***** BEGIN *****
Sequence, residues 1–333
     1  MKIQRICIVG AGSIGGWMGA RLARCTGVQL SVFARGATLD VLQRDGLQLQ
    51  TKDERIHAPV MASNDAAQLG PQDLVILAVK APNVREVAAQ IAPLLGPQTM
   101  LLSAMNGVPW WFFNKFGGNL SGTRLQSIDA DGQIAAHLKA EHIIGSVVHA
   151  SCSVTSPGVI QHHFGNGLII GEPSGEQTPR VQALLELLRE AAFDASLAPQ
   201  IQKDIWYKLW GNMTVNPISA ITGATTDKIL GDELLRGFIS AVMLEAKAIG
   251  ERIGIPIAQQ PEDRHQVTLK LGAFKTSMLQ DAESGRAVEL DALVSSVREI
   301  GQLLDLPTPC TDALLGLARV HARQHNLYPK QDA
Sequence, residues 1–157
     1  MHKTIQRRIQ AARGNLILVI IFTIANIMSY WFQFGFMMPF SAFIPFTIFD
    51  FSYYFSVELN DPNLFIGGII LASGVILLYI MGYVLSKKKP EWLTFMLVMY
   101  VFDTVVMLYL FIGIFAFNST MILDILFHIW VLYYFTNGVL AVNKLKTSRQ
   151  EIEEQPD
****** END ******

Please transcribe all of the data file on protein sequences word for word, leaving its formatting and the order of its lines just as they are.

Sequence, residues 1–333
     1  MKIQRICIVG AGSIGGWMGA RLARCTGVQL SVFARGATLD VLQRDGLQLQ
    51  TKDERIHAPV MASNDAAQLG PQDLVILAVK APNVREVAAQ IAPLLGPQTM
   101  LLSAMNGVPW WFFNKFGGNL SGTRLQSIDA DGQIAAHLKA EHIIGSVVHA
   151  SCSVTSPGVI QHHFGNGLII GEPSGEQTPR VQALLELLRE AAFDASLAPQ
   201  IQKDIWYKLW GNMTVNPISA ITGATTDKIL GDELLRGFIS AVMLEAKAIG
   251  ERIGIPIAQQ PEDRHQVTLK LGAFKTSMLQ DAESGRAVEL DALVSSVREI
   301  GQLLDLPTPC TDALLGLARV HARQHNLYPK QDA
Sequence, residues 1–157
     1  MHKTIQRRIQ AARGNLILVI IFTIANIMSY WFQFGFMMPF SAFIPFTIFD
    51  FSYYFSVELN DPNLFIGGII LASGVILLYI MGYVLSKKKP EWLTFMLVMY
   101  VFDTVVMLYL FIGIFAFNST MILDILFHIW VLYYFTNGVL AVNKLKTSRQ
   151  EIEEQPD